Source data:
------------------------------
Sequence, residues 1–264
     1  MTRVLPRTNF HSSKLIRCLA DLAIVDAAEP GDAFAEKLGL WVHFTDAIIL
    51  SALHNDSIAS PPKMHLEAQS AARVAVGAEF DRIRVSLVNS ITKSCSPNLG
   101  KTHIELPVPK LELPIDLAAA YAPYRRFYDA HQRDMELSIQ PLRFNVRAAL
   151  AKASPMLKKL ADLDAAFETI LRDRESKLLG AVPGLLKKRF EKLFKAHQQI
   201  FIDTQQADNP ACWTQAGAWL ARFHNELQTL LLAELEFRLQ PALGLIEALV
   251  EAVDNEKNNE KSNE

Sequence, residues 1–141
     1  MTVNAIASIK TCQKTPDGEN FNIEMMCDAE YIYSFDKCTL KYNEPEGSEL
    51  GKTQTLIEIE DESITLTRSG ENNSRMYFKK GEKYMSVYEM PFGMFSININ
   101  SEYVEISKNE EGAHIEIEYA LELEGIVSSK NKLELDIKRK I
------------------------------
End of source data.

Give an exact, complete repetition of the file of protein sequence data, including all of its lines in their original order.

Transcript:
Sequence, residues 1–264
     1  MTRVLPRTNF HSSKLIRCLA DLAIVDAAEP GDAFAEKLGL WVHFTDAIIL
    51  SALHNDSIAS PPKMHLEAQS AARVAVGAEF DRIRVSLVNS ITKSCSPNLG
   101  KTHIELPVPK LELPIDLAAA YAPYRRFYDA HQRDMELSIQ PLRFNVRAAL
   151  AKASPMLKKL ADLDAAFETI LRDRESKLLG AVPGLLKKRF EKLFKAHQQI
   201  FIDTQQADNP ACWTQAGAWL ARFHNELQTL LLAELEFRLQ PALGLIEALV
   251  EAVDNEKNNE KSNE

Sequence, residues 1–141
     1  MTVNAIASIK TCQKTPDGEN FNIEMMCDAE YIYSFDKCTL KYNEPEGSEL
    51  GKTQTLIEIE DESITLTRSG ENNSRMYFKK GEKYMSVYEM PFGMFSININ
   101  SEYVEISKNE EGAHIEIEYA LELEGIVSSK NKLELDIKRK I